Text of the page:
“There has to be a conversation about homophobia,” DeGeneres said before, in the same breath, proving unwilling or unable to moderate a tangible conversation about homophobia. To christen herself Hart’s advocate while slamming his critics as if they’re equivalent to an alt-right militia exposes just how one-dimensional “Ellen” has become. At the exact moment when popular culture is finally reckoning with its bigoted history, the country’s most famous daytime host, whose own career was almost destroyed by homophobia, is prioritizing an agenda that does not serve the viewers who look to her for wisdom ― it merely bolsters her disgraced buddy’s reputation.

Ellen DeGeneres hosting the Academy Awards on March 2, 2014.

Kevin Winter via Getty Images

Ellen DeGeneres hosting the Academy Awards on March 2, 2014.

DeGeneres is an entertainer, not a journalist. She’s not obligated to conduct interviews as if she were a reporter uncovering the truth. But she invited Hart on for an “honest” moment and delivered anything but. It’s hard to imagine Oprah Winfrey, Phil Donahue or Dick Cavett, were they still hosting their shows circa 2019, letting Hart ramble at length without posing follow-up questions. But DeGeneres, like her late-night counterpart Jimmy Fallon, built a brand suffocated by sheer pleasantness ― which is fine, if you’re into that sort of thing. But it means she’s not the person to facilitate a tough discussion with a public figure who erred.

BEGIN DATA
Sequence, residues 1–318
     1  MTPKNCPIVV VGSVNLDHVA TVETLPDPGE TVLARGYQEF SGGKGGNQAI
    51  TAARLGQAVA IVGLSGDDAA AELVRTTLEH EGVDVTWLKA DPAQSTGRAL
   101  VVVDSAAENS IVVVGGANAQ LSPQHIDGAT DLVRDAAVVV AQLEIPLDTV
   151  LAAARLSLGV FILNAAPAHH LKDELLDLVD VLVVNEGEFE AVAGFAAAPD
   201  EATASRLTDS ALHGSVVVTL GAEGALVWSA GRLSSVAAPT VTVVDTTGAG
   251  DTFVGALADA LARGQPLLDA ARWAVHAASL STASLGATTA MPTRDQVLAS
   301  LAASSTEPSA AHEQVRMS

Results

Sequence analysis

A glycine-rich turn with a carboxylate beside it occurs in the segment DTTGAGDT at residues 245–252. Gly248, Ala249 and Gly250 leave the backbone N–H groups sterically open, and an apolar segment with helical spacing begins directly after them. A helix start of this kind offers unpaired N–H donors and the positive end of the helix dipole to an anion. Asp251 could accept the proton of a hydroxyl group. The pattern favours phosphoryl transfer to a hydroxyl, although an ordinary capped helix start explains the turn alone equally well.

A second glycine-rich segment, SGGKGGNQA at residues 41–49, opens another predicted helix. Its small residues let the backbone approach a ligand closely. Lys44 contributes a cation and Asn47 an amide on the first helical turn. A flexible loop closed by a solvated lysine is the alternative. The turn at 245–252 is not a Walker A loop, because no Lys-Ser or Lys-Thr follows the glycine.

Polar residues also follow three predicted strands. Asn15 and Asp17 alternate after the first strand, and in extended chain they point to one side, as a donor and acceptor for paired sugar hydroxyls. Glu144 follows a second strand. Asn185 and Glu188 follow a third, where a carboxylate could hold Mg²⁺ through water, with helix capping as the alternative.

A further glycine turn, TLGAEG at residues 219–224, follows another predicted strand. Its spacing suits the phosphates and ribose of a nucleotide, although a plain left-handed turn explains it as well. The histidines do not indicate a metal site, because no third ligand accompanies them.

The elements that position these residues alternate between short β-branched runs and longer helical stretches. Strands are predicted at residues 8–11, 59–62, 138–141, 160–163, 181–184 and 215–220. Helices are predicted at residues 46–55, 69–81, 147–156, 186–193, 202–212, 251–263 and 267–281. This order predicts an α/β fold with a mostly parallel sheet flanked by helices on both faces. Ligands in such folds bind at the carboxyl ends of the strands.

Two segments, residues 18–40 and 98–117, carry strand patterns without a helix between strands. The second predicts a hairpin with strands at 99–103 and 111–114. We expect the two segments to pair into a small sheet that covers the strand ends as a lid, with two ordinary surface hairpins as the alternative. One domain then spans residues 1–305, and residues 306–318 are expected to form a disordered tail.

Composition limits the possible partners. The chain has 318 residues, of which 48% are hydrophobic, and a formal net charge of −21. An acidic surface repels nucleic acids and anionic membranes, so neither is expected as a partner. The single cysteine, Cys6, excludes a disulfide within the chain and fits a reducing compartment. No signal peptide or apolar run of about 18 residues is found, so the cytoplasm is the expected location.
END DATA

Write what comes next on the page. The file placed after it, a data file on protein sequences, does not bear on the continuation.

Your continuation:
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When DeGeneres’ show launched in September 2003, it felt like a balm amid the existential crisis of Sept. 11 and a war-minded America. It was a space where cheer abounded, where dancing and insouciance scratched a mid-afternoon itch. DeGeneres, in turn, became the most visible LGBTQ dignitary in the world, given a daily stage to expose the homophobia that tanked her beloved sitcom in the 1990s. But as time went on, DeGeneres’ fame and riches ― a reported $ 87.5 million in 2018, for example ― seemed to distance her from the real world; today, she seems less engaged and more inaccessible, even if she tries to maintain her “be kind to one another” persona on-air. She can’t even drop the schtick to rationalize why Hart’s ordeal isn’t the “attack” he says it is.

DeGeneres, a two-time Oscar emcee, put her own agenda ahead of the community she is a part of. If Hart gets his job back, it’ll be because one privileged lesbian with a TV show called the many, many people who protested her friend’s problematic past “trolls.” She accomplished nothing except helping to restore Hart’s stature. That’s what the celebrity-industrial complex looks like today, even on talk-based programming: One famous person buttresses another famous person, and that advocacy becomes the letter of the law.

It’s now on the Academy, an institution that hasn’t historically been generous toward minorities, to say that’s not how things work. Reps from the organization have already said they’re open to inviting Hart back. Should that come to fruition, DeGeneres and her pal will be victorious. But is anyone else?